Rep. Pramila Jayapal, D-Wash., said Sunday that Twitter’s permanent ban on the personal account of Rep. Marjorie Taylor Greene, R-Ga., is "a little too late" to erase the damage done by the spread of COVID-19 "disinformation" on social media.

Jayapal, who chairs the Progressive Congressional Caucus, reacted to the news of Greene’s ban on MSNBC’s "The Sunday Show," saying social media companies need to be doing "much, much more" to quash the spread of conspiracy theories online.


Rep. Pramila Jayapal

Chair of the Congressional Progressive Caucus Rep. Pramila Jayapal leaves the Will Rogers Hallway following a television interview at the U.S. Capitol on Nov. 18, 2021, in Washington. (Chip Somodevilla/Getty Images)

"It’s no secret that our social media companies have been part of their algorithms promoting disinformation," she said. "And I think that these steps are important but, frankly, a little too little and a little too late. 

"The reality is it’s not just Marjorie Taylor Greene – all over Twitter, social media, Facebook, all of these companies have been using algorithms that are just about clickbait, not about truth," she continued. "And so if we are going to take on the disinformation that’s out there, the big lie, and everything that goes along with it, then yes, this is a part of it but it’s got to be much, much more. 

"That said, I think it’s just as well that we take one voice that is deliberately spreading disinformation out of the mix as much as possible," she added. "That’s certainly a good thing."

Twitter announced earlier Sunday that it had permanently suspended Greene’s personal verified Twitter account for spreading COVID-19 "misinformation."

"We permanently suspended Marjorie Taylor Greene for repeated violations of our COVID-19 misinformation policy," Twitter said in a statement. "We've been clear that, per our strike system for this policy, we will permanently suspend accounts for repeated violations of the policy."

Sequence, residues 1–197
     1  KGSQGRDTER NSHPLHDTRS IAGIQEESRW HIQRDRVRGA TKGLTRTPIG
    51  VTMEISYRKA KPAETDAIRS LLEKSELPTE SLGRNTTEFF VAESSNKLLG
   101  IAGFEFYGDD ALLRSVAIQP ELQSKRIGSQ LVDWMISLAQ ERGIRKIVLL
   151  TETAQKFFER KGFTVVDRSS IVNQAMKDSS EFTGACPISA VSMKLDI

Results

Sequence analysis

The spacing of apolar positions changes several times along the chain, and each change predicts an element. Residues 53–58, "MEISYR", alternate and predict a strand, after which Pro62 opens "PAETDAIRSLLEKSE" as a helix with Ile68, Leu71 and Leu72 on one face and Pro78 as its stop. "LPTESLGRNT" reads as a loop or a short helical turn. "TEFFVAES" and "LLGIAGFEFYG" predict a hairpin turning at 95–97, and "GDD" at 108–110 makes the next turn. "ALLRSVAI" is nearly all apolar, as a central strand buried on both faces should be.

Rep. Marjorie Taylor Greene (R-GA)

U.S. Rep. Marjorie Taylor Greene speaks at a news conference at the Capitol on Dec. 7, 2021, in Washington. (Anna Moneymaker/Getty Images)

Greene’s congressional Twitter account, @RepMTG, is still active.

The Georgia congresswoman responded to the decision on GETTR, a conservative social media platform founded by Jason Miller, a former aide and spokesman of former President Donald Trump.

"When Maxine Waters can go to the streets and threaten violence on Twitter, Kamala and Ilhan can bail out rioters on Twitter, and Chief spokesman for terrorist IRGC can tweet mourning Soleimani but I get suspended for tweeting VAERS statistics, Twitter is an enemy to America and can't handle the truth," Greene wrote. "That's fine, I'll show America we don't need them and it's time to defeat our enemies."

On Saturday, Greene had tweeted about an "extremely high amount of covid vaccine deaths" that she said are "ignored," Rolling Stone reported.

Rep. Marjorie Taylor Greene (R-GA)

Rep. Marjorie Taylor Greene joins fellow anti-abortion activists in front of the U.S. Supreme Court as the justices hear arguments in Dobbs v. Jackson Women's Health, the Mississippi abortion case, on Dec. 1, 2021, in Washington. (Chip Somodevilla/Getty Images)


Twitter had repeatedly temporarily suspended Greene’s account over the course of the pandemic for alleged misinformation.

Most recently, in August, she was suspended for one week and threatened with a permanent ban after she said COVID-19 vaccines were "failing."